Ryan Morden

Reporter, WRVO

Innovation Trail alumnus Ryan Morden is originally from Seattle.  He graduated from the University of Washington with a bachelor's in journalism, minoring in political science and Scandinavian studies.  Morden was Morning Edition producer and reporter at WRVO before moving over to the Innovation Trail project.  Before landing at WRVO, Morden covered the Washington State legislature as a correspondent for Northwest News Network (N3), a group of nine NPR affiliates in the northwest.

Prior to his work at N3, Morden worked as an assistant morning news editor at KIRO radio, a commercial news/talk station in Seattle.  He also produced talk shows for CBS Radio commentators Dave Ross and Ron Reagan.

Morden enjoys government and politics, reading non-fiction and literature from the edges, baseball, road trips, brew pubs, road races and catching up on TV shows online.  He currently serves as a freelancer, covering congressional issues.

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5:16pm

Fri August 20, 2010
Entrepreneurship

New food and beer ventures highlight old Syracuse

The good old days.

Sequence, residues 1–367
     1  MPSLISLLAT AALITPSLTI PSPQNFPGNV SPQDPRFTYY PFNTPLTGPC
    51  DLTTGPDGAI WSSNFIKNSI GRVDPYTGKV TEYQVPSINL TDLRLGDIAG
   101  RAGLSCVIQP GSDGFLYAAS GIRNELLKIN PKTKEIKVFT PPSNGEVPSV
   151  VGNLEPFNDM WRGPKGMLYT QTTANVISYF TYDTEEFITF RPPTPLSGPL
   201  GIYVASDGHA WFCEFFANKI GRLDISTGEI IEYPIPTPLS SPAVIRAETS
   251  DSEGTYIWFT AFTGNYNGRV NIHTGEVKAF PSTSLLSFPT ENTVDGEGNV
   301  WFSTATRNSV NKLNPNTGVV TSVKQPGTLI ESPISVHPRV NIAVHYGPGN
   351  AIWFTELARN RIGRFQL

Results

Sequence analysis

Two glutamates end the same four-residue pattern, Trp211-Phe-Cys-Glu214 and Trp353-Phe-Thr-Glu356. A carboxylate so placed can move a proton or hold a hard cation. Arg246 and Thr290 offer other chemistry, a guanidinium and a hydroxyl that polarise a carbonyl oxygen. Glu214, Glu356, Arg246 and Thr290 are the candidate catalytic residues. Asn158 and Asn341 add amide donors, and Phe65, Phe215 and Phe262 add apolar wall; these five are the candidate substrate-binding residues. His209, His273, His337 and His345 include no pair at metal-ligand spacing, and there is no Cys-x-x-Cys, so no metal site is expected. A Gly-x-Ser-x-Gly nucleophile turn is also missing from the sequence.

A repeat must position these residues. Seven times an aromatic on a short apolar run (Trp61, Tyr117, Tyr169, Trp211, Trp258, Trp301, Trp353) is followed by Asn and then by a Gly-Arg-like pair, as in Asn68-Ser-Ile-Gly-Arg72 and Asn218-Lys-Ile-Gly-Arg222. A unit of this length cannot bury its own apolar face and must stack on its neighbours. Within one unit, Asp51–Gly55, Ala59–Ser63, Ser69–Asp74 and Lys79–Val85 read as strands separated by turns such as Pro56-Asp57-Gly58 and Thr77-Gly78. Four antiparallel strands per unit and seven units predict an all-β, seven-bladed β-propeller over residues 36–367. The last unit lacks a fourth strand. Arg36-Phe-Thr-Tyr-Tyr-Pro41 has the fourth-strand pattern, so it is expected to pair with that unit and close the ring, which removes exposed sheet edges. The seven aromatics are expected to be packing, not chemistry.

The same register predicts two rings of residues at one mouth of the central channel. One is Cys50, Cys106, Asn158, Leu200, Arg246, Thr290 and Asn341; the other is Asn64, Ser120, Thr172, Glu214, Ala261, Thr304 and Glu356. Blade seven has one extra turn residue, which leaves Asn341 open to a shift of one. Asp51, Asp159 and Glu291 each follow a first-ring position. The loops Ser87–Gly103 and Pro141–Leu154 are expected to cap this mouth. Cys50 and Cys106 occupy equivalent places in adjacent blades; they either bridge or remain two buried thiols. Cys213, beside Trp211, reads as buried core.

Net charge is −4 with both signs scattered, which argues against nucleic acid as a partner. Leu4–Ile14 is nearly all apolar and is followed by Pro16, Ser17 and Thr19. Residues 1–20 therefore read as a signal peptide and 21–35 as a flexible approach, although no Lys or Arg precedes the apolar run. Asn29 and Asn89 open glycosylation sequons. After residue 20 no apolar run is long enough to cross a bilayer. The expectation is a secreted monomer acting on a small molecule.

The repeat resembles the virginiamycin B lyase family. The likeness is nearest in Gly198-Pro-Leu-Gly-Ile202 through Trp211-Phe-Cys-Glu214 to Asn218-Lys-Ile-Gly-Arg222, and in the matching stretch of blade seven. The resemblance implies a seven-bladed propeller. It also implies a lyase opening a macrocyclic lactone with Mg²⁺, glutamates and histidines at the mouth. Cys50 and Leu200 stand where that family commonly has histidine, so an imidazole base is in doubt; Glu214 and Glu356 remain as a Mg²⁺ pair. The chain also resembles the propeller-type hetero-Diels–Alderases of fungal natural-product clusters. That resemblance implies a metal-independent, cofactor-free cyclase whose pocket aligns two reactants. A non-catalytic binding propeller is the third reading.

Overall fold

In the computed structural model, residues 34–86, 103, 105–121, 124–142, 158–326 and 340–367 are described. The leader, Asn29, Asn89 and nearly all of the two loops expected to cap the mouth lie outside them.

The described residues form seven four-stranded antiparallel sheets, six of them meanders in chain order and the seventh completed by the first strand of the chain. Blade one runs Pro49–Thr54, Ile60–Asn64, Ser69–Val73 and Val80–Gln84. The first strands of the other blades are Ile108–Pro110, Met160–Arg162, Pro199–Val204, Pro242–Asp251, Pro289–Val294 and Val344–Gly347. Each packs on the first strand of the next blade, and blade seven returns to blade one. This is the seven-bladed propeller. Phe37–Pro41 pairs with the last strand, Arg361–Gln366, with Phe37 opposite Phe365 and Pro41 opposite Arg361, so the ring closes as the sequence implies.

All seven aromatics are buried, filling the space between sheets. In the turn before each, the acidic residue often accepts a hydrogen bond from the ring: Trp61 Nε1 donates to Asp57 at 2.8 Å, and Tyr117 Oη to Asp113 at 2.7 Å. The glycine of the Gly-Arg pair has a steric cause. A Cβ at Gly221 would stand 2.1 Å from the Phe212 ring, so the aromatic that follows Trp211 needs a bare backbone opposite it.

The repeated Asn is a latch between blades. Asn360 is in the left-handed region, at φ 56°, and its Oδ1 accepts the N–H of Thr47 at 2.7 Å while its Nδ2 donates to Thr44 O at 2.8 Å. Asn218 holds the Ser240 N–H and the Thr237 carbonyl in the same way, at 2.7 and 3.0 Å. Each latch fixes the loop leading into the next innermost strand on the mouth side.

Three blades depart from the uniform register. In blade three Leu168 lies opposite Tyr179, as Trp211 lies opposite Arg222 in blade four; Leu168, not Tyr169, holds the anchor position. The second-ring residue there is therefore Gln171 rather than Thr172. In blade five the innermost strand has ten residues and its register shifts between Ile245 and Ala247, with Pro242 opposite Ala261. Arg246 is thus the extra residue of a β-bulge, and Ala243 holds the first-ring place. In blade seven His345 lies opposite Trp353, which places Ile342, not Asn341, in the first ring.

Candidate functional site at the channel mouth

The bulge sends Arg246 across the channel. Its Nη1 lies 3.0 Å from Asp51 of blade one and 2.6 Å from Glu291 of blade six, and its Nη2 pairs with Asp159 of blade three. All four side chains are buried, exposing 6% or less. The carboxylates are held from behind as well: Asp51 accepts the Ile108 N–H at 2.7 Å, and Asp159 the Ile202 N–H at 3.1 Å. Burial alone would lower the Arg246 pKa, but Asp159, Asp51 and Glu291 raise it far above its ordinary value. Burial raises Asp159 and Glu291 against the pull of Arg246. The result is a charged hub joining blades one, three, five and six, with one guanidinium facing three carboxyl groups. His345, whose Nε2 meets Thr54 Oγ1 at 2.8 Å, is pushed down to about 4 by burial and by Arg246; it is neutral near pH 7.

Image courtesy U.S. National Archive via Flickr

Enjoying Syracuse history doesn't have to come from stuffy museums or books. A couple new ventures show that history can be found in a glass or at a local eatery.

"SyracuseDiners.com" is a multimedia guide to diners in Syracuse. It's interactive, displays menus, and informs readers about diner culture.

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4:34pm

Fri August 20, 2010
Energy

How ethanol is made

Fields of plenty.
U.S. National Archive Creative Commons license

An old Miller Brewing plant in Fulton, N.Y. was retrofitted to make ethanol. Recently, Sunoco took over the plant.  

Read the story or watch the video to see how corn becomes fuel.

3:07pm

Fri August 20, 2010
Future of Higher Ed

Could the Internet put SUNY out of business?

Microsoft founder Bill Gates
Image courtesy gatesfoundation.org

The big take away from Bill Gates’ discussion at the Techonomy conference in Lake Tahoe, CA was the idea that education will be less “place-based.”

According to MG Siegler's piece at TechCrunch.com, Gates said,” Five years from now on the web for free you’ll be able to find the best lectures in the world.” 

You can sort of already do that on sites like TED or just by doing a topic search on Youtube. Gates says that kind of widespread knowledge will be better than any single university.

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